University of California at Berkeley astronomer Ben R. Oppenheimer, who helped to discover Gliese 229 b, is part of a growing group that would like to define a brown dwarf as an substellar object with the mass of 13 to 80 (or so) Jupiters. While these objects cannot fuse "ordinary" hydrogen (a single proton nucleus) like stars, they have enough mass to briefly fuse deuterium (hydrogen with a proton-neutron nucleus). Therefore, stellar companions with less than 13 Jupiter masses would be defined as planets.
Other prominent astronomers, such as San Francisco State University astronomer Geoffrey W. Marcy who also has helped to discover many extrasolar planets, note that there may in fact be many different physical processes that lead to the formation of planets. Similarly, there may also be many different processes that lead to the creation of brown dwarfs, and some of these may also lead to planets. Hence, more observational data may be needed before astronomers can determine how to make justifiable distinctions in the classification of such substellar objects. (More information on this debate over definitions is available at exoplanets.org.)
Cool Methane Brown Dwarfs
While brown dwarfs have too little mass to fuse "regular" hydrogen (which has a single proton nucleus), virtually all of the ones discovered until 1999 were too hot -- that is "young" -- to show evidence of methane which is destroyed by stellar temperatures. In fact, while methane is a atmospheric characteristic of giant gas planets like Jupiter, the only brown dwarf found to even have a trace of methane was Gliese 229 b.
In Spring 1999, however, two very dim and reddish brown dwarfs were found as solitary objects (one 30 light-years away in Ophiuchus and another also relatively nearby in Virgo). Analysis of their spectra indicated that both have atmospheres that are rich in methane. In addition, four similar objects that are too cool to be observed in visible light were found using near-infrared telescopes also to have the methane fingerprint of extremely cool (that is "old") brown dwarfs. These discoveries represent strong evidence that, although hard for astronomers to detect, faint brown dwarfs which have had billions of years to cool may represent a significant population of the universe. Some astronomers speculate that these objects may well be as numerous as the stars, reviving theories of stellar formation that suggest the existence of uncountably numerous brown dwarfs, rather than the relatively few easy-to-detect, bright ones found thus far.
Life Around a Flare Star
Many dim, red (M) dwarf stars exhibit unusually violent flare activity for their size and brightness. These flare stars are actually common because red dwarfs make up more than half of all stars in our galaxy. Although flares do occur on our Sun every so often, the amount of energy released in a solar flare is small compared to the total amount of energy Sol produces. However, a flare the size of a solar flare occurring on a red dwarf star (such as Gliese 229) that is more than ten thousand times dimmer than our Sun would emit about as much or more light as the red dwarf itself, doubling its brightness or more.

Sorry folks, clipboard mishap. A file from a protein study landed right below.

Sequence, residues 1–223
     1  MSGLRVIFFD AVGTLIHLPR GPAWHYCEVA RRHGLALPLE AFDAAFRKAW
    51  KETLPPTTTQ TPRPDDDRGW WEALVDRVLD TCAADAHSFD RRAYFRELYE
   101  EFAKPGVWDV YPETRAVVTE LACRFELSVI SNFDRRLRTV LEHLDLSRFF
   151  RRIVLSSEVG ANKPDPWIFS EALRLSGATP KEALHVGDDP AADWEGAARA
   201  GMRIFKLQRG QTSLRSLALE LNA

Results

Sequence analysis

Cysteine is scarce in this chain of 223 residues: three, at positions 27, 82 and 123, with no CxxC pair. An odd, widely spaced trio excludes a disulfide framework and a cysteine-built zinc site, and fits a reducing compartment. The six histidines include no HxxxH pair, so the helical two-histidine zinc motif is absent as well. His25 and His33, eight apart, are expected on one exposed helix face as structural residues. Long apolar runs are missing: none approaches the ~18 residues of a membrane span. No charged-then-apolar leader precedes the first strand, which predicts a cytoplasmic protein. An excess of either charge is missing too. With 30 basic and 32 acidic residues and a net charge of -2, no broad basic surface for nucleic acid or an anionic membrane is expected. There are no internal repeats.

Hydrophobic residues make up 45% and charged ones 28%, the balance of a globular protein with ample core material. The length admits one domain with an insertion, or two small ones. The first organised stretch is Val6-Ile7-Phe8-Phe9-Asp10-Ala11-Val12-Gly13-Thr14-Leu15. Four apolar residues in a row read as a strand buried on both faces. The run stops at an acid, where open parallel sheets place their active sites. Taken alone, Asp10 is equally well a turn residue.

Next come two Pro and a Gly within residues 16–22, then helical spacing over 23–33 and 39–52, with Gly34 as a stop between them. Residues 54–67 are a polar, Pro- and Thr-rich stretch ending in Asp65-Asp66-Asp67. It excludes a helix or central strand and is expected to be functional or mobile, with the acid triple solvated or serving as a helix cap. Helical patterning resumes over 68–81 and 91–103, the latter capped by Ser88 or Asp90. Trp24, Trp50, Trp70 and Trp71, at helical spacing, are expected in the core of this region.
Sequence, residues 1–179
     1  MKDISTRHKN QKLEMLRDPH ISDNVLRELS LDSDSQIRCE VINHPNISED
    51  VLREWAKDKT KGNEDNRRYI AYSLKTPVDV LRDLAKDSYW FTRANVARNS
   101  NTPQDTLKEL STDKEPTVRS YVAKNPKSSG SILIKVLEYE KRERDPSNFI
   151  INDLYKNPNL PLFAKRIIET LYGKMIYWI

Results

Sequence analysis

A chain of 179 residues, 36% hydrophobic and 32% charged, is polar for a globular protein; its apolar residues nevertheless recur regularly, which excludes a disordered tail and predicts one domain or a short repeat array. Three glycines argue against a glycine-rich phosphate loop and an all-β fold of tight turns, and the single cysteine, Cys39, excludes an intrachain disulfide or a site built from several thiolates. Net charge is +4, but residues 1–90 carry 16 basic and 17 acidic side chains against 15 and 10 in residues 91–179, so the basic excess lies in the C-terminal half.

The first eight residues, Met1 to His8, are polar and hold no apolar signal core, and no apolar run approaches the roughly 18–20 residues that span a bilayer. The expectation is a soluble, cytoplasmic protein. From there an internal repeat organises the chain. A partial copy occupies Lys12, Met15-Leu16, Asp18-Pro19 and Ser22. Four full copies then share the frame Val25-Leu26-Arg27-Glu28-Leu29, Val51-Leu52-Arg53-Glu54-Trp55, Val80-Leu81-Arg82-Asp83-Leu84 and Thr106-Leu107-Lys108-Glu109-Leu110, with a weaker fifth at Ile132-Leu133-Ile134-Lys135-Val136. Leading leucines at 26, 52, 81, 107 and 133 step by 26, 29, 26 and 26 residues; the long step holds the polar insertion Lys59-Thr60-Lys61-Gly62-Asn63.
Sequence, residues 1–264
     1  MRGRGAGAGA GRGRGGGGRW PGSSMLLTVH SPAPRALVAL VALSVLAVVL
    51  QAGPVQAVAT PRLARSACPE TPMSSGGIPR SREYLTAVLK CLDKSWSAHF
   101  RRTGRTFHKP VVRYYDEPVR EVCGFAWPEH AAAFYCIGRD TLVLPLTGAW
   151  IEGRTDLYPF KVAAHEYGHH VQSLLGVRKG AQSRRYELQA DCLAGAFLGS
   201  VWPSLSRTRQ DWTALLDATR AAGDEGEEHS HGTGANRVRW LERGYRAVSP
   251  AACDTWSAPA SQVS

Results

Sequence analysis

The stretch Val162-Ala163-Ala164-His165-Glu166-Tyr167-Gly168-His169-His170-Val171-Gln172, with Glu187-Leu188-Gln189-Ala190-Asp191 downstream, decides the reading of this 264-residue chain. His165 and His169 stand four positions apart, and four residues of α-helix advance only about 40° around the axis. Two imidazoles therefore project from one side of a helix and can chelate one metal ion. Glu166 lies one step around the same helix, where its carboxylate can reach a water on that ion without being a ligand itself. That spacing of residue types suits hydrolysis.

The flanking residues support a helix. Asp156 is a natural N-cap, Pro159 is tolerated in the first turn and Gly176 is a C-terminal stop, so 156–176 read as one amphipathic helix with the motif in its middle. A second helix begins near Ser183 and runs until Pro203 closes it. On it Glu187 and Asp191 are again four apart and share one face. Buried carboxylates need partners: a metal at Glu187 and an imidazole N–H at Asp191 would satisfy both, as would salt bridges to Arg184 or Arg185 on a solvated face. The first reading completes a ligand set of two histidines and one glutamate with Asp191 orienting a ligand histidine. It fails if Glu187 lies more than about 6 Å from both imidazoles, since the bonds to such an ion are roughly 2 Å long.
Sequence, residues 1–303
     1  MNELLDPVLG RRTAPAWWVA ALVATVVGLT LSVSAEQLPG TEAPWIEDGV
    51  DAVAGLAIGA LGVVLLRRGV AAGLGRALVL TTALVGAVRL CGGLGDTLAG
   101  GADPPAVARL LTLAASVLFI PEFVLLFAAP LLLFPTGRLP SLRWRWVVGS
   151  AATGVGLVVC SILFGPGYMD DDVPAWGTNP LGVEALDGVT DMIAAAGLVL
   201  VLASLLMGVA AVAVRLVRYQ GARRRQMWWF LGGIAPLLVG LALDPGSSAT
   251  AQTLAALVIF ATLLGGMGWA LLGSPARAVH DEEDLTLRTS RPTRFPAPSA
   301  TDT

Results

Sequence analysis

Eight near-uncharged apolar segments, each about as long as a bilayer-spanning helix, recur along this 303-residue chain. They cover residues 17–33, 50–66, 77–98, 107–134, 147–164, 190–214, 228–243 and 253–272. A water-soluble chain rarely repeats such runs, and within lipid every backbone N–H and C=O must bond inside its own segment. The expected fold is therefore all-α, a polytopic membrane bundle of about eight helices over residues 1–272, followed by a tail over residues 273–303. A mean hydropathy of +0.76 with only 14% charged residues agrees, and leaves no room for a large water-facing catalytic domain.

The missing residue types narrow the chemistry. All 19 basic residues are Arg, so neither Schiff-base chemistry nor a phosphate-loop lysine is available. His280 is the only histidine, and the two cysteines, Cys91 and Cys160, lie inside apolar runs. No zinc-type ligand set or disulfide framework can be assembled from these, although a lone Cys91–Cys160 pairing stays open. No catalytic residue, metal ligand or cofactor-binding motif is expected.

High resolution and jumbo images (Benz et al, 1998).
Gliese 229 is a flare star, like UV Ceti (Luyten 726-8 B)
shown flaring at left. UV Ceti is an extreme example
of a flare star that can boost its brightness by five times
in less than a minute, then fall somewhat slower back
down to normal luminosity within two or three minutes
before flaring suddenly again after several hours.
Flare stars erupt sporadically, with successive flares spaced anywhere from an hour to a few days apart. A flare only takes a a few minutes to reach peak brightness, and more than one flare can occur at a time. Moreover, in addition to bursts of light and radio waves, flares on dim red dwarfs may emit up to 10,000 times as many X-rays as a comparably-sized solar flare on our own Sun, and so flares would be lethal to Earth-type life on planets near the flare star. Hence, Earth-type life around flare stars may be unlikely because their planets must be located very close to red dwarfs to be warmed sufficiently by star light to have liquid water (less than 0.13 AU and a 24-day orbital period for Gliese 229), which makes flares even more dangerous due to their dimness. In any case, the light emitted by red dwarfs may be too red in color for Earth-type plant life to perform photosynthesis efficiently.
The following star systems are located within 10 ly of Gliese 229.
|Star System||Spectra &|
|BD-03 1123||M1.5 V||6.7|
|G 99-44||DZ9 /VII||6.8|
|Ross 614 AB||M4.5 Ve |
|LP 656-38||M3.5 V||7.2|
|LTT 17897||M4 V||7.9|
|L 674-15||M3.5 V||9.2|
|Kapteyn's Star||M0-1 VI||9.3|
|Keid 3||K1 Ve |
More information on Gliese 229 and its brown dwarf companion can be found at: the Astronomiches Rechen-Institut at Heidelberg's ARICNS, the NASA Star and Exoplanet Database, the Research Consortium on Nearby Stars (RECONS) list of the 100 Nearest Star Systems, and Roger Wilcox's Internet Stellar Database.
Located in the Southern Hemisphere, Constellation Lepus (the Hare) can be found just south of Constellation Orion (the Hunter), a favorite prey of the Hunter and his hunting dogs. While believed to be ancient, the cultural origin of this constellation is unknown. For more information about the stars and objects in this constellation and an illustration, go to Christine Kronberg's Lepus. For another illustration, see David Haworth's Lepus.
For more information about stars including spectral and luminosity class codes, go to ChView's webpage on The Stars of the Milky Way.